The painting that celebrates Connecticut’s state flower—Edward Rook’s Laurel—melds Impressionist handling with Post-Impressionist pattern to effect a balance that verges on decorativeness, a characteristic frequently encountered in the American phase of Impressionism. Rook’s large canvas is particularly notable for its accomodation of Impressionist impasto, microstructure, and gentle variations of light to the assertive presence of flower clusters, rocks, and trees; an interplay of the material with the immaterial that Baudelaire had noted in Barbizon paintings many decades earlier. If the greens of the distant landscape are somewhat unnatural and arbitrary, they nonetheless spring from the mood of the season. Rook’s painting could stand as an example of fundamental aspects of American Impressionism: its subject recalls the pastoral poetic content of earlier American landscape painting that became an almost inseparable accompaniment to an American sense of place; its composition, harkening back through Barbizon conventions to picturesque and classical traditions, emphasizes both the near-at-hand identity of nature’s forms and the distant view of pastoral tranquility that brings Constable to mind, while its technical procedure is adapted from the French Impressionists.
The anatomy of American Impressionism is more complex than was once perceived. In techniques and general appearance it may proclaim the European source, may seem equally committed to the immediacies of moment and place “with the sight of simple seeing,” to use Hartford poet Wallace Stevens’ phrase. (7) But these works also register the spirit of an American typology that was born in a romantic era and nourished over the years by American literature and popular sentiment.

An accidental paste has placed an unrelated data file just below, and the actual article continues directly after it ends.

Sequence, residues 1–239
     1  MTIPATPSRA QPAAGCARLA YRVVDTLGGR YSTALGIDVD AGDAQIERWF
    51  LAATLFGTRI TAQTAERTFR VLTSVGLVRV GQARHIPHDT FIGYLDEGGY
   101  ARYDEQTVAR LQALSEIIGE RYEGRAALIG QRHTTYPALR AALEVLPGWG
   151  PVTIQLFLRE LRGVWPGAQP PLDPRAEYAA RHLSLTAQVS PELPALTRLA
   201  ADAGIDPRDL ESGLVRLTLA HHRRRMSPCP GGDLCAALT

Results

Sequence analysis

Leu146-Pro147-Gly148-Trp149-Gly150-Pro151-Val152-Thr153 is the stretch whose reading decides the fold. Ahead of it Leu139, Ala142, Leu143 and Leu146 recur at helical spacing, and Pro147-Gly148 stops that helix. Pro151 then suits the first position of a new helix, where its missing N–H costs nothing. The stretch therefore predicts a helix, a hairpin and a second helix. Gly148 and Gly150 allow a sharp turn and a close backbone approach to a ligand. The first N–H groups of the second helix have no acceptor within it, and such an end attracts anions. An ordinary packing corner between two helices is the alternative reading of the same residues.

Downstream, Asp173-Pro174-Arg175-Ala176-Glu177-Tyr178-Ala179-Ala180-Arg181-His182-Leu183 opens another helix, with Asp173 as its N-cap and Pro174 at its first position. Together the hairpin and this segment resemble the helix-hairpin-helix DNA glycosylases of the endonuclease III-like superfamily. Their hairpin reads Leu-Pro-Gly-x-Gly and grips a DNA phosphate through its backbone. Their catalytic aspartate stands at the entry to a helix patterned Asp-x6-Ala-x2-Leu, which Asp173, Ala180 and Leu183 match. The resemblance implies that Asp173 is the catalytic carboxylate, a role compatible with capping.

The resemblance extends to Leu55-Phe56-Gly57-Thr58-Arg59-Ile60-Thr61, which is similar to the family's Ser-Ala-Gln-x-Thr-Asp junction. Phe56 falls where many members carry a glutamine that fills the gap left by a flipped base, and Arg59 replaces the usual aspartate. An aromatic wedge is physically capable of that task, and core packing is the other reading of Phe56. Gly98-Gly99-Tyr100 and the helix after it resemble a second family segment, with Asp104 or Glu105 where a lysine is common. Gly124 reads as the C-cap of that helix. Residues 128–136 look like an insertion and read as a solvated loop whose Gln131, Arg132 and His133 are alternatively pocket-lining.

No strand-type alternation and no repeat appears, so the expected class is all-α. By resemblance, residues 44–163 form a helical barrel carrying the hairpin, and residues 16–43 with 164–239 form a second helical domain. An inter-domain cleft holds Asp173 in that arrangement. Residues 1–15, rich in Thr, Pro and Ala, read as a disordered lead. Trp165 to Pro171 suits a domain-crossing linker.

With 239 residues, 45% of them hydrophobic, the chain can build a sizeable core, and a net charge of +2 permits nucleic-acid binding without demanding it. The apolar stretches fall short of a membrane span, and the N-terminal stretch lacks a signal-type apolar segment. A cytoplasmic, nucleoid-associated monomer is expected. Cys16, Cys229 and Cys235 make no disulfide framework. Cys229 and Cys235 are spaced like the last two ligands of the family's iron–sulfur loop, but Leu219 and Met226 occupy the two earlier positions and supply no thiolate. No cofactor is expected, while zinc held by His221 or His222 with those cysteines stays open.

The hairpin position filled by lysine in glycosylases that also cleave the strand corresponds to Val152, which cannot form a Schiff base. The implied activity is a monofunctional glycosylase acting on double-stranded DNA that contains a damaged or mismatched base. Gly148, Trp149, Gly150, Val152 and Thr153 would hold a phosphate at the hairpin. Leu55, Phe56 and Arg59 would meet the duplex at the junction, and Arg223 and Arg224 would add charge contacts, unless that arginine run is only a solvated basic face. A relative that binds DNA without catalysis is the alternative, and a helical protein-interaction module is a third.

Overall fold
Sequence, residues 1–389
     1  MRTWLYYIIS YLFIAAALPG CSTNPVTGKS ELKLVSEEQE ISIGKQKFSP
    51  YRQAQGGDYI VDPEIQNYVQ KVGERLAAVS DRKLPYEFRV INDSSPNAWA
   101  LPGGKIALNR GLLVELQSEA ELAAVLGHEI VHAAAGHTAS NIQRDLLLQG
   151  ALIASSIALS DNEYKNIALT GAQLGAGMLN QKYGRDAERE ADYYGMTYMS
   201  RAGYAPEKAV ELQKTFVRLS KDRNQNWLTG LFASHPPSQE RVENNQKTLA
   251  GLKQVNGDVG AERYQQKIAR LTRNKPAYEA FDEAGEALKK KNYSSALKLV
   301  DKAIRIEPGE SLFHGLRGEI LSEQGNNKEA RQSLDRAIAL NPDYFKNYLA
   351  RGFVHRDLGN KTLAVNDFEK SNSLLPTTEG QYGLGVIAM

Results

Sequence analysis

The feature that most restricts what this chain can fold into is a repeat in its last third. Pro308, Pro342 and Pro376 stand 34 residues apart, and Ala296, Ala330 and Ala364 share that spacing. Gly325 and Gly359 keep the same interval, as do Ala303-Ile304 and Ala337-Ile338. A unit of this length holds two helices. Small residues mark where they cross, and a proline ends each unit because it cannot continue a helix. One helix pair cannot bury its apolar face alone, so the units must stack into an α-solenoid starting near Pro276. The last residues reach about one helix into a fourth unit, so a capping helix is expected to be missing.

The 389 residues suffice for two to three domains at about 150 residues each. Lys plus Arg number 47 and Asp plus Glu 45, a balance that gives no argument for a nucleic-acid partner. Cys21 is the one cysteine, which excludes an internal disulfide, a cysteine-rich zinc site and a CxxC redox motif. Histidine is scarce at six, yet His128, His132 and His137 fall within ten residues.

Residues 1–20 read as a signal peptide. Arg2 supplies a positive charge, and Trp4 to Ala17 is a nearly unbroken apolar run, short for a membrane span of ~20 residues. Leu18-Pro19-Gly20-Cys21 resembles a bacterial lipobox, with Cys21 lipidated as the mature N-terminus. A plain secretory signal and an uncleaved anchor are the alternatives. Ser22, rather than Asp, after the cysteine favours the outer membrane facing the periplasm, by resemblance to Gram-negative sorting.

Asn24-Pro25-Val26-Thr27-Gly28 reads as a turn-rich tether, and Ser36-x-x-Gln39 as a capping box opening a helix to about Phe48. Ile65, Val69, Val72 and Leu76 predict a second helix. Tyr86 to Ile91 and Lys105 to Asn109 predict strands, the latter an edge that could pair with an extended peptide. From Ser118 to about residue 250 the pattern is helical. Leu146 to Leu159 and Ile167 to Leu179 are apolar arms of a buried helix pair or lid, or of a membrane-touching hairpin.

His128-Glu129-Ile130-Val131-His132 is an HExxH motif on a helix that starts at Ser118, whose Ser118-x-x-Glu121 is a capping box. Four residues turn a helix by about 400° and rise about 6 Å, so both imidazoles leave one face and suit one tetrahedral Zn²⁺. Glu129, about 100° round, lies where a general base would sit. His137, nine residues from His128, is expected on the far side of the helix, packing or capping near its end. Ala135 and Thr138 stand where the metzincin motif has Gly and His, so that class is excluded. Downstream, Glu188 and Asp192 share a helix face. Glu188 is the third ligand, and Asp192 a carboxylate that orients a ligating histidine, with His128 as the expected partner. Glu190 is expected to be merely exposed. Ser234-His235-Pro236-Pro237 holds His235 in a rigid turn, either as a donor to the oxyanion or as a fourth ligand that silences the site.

The proof of the poet is that his country absorbs him as affectionately as he has absorbed it.
Thus Walt Whitman closed the Preface to the 1855 edition of his Leaves of Grass. In its own time, American Impressionism was accorded a generous measure of public affection and its own optimistic spirit lavished affection in turn on American places which that same public had come to view as sancturaries in a hasty world. The landscapes in the paintings and the landscapes in the expectations of those who viewed them sympathetically were in full accord. Today we may reflect on this exchange and ask if here in these paintings reside our own cherished images of New England’s—and Connecticut’s—sense of place.
(1) Charles Baudelaire, Art in Paris 1845-1862: Salons and Other Exhibitions Reviewed by Charles Baudelaire, trans. Jonathan Mayne (London: Phaidon, 1965), 109.
(2) Julia Cartwright, Jean Francois Millet: His Life and Letters (New York: Macmillan, 1902), 106; William Wordsworth, “Lines Composed a Few Miles About Tintern Abbey” (1798).
(3) See Harold Spencer, “Reflections on Impressionism, Its Genesis and American Phase,” Connecticut and American Impressionism (exh. cat., William Benton Museum of Art, Storrs, Conn., 1980, 30-55, for more thorough account.)
(4) Hans Huth, “Impressionism Comes to America,” Gazette des Beaux-Arts, series 6, 29 (April 1946), 225-252.
(5) Hans Huth, Nature and the American (Berkeley: Univ. of California Press, 1957), 105-128.
(6) See Wanda M Corn, The Color of Mood, American Tonalism 1880-1910 (exh. cat. M. H. DeYoung Museum, San Francisco, 1972) and Peter Bermingham, American Art in the Barbizon Mood (exh. cat. National Collection of Fine Arts, Washington, D.C., 1975).
(7) From “An Ordinary Evening in New Haven,” of Wallace Stevens (N.Y.: A. Knopf, 1964), 471.
“CHECKLIST OF THE EXHIBITION
…Emil Carlsen (1853-1932)
Oil/canvas, 16-3/4″ x 24-5/8″
Emil Carlsen (1853-1932)
Night, Old Windham, 1904
Oil/canvas, 50-1/2″ x 40″…
WORKS BY EMIL CARLSEN
Digital-born Document Number:
Digital Document Provenance:
Original compiled and researched document by the Emil Carlsen Archives, 266 West 21st Street, Suite 4E, New York, NY 10011.
Creative Commons Corporation shareAlike (sa) license. Some of the information contained within this document may hold further publication restrictions depending on final use. It is the responsibility of the researcher to determine.
The author of this artwork died more than 70 years ago. According to U.S. Copyright Law, copyright expires 70 years after the author’s death. In other countries, legislation may differ.
Record Birth Date:
May 13, 2017
May 13, 2017